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Showing posts from November, 2015

Building go-lang project /Kubernetes Ingress/ from scratch with no go experience

I have been working with Kubernetes and I wanted to build it's contrib yesterday. However, nginx implementation of Kubernetes' Ingress is written in go-lang. Even though I needed to change some const string, it required recompilation.

Go is not java, and go building system is not maven. Setting up the environment was not straightforward. I was facing couple troubles but I'm going to take it from the beginning. My laptop uses ubuntu 15.04 - well 15.10 since 9pm :-) - and I have never installed go lang yet.
Go lang installation on Ubuntu First of all, you need to install go lang. You can use official repo, but it contains older version 1.3. However, do not install it using apt-get as kubernetes or it's dependencies require higher version of go-lang. Of course, I originally installed version 1.3  but some fatal error occurred later. It forced me do to the manual installation anyway.

Here is simple tutorial.


Last two lines affect only the current terminal. You should updat…

Using CoreOS stack and Kubernetes #2: Why use CoreOS as Cloud Operating System

I'd like to deal in this part with potential benefits resulting from using CoreOS as an operating system in your cloud deployment. You can install kubernetes on various operating systems so you can make a decision what to choose. So why CoreOS? What is my experience?

Etcd, Fleet and Flannel Preinstalled First reason is obvious. CoreOS always provides latest version of all components in Kubernetes cluster.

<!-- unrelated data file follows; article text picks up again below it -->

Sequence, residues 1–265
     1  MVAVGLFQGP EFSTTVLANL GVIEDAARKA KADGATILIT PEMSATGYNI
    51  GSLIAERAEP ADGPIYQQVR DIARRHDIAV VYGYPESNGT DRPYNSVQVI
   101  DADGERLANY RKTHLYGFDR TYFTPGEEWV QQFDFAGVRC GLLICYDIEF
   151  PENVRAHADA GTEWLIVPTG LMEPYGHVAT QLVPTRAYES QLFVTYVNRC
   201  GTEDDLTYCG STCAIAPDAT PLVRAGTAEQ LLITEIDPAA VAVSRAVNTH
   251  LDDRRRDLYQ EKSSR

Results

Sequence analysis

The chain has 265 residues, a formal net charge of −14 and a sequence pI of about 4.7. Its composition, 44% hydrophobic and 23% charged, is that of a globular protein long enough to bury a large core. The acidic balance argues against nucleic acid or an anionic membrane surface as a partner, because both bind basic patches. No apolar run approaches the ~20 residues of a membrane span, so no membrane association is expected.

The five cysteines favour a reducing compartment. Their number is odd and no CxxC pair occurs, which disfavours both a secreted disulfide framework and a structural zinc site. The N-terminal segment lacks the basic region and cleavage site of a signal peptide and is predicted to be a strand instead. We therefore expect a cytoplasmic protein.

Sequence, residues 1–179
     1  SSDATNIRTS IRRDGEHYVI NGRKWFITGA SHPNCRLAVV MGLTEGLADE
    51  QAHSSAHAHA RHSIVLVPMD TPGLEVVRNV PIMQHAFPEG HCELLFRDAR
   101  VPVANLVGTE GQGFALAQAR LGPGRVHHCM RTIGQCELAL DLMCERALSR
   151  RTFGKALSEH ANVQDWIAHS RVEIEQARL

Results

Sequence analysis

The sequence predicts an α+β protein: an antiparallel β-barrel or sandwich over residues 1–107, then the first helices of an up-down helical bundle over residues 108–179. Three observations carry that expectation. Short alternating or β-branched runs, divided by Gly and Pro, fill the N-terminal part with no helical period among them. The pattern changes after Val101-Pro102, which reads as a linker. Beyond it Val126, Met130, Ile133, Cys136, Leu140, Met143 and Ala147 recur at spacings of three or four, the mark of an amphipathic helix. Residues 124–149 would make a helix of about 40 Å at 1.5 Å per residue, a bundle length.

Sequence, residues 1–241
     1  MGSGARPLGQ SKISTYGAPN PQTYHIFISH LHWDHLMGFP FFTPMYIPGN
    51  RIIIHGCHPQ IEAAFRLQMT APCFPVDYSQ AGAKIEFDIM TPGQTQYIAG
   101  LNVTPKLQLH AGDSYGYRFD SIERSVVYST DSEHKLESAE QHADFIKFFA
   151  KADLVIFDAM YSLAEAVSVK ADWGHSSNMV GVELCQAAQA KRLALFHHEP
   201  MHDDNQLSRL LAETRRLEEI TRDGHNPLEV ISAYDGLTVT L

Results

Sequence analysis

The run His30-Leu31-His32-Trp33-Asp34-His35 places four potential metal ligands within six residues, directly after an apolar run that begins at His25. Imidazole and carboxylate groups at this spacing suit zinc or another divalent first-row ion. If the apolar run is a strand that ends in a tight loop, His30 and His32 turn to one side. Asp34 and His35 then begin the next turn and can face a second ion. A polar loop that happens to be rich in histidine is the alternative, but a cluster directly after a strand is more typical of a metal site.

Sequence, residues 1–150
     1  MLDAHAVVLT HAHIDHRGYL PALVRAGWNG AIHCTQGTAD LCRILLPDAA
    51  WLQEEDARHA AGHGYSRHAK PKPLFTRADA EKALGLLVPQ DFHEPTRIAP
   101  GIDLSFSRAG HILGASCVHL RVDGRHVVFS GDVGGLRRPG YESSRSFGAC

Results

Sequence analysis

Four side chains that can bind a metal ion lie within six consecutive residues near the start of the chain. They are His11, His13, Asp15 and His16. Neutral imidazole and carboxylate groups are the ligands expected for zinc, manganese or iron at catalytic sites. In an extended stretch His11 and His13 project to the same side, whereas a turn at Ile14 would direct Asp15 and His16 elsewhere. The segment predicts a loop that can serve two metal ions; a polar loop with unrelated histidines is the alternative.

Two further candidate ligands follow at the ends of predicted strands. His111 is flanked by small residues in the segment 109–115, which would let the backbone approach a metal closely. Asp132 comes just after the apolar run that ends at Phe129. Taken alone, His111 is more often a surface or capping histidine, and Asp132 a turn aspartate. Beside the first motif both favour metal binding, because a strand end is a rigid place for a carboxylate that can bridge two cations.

My experience: we have profited from pre-installed components from the beginning. E.g. in early stages when etcd was coming with new beautiful and powerful API (v.2), they put both - old and new - versions together so we just enabled one of them. The setup of all components together is not very simple so you can save couple hours by choosing preinstalled and pre-setuped CoreOS.
No Package Manager, Read Only Partitions It sounds more like disadvantage than benefit, but ...
Look at CoreOS releases what it consist of.
Fore example, CoreOS includes basic linux utils so you can employ…

Using CoreOS stack and Kubernetes #1: Introduction

We were lucky enough in December 2014 to join the group of teams who use CoreOS stack and Kubernetes on their way to become next generation of cloud infrastructure. It has been almost one year so I'd like to provide a article series about our experience with the whole stack.

The Motivation You usually want to model your business domain, provide useful APIs, break your application into pieces, services, and so on. Well, it's your work.

The distributed computing is one of most challenging disciplines in the computer science. Why is that? Because of an asynchronicity in the form of remote calls among distributed components. There are no locks like in your favorite languages. However, there are remote calls with no guarantees of any response or in any time.

It's pretty challenging to provide high-available application, with no downtime during updates, crashes. The application which scales according to the needs. The application with guarantees any data consistency.

What are typ…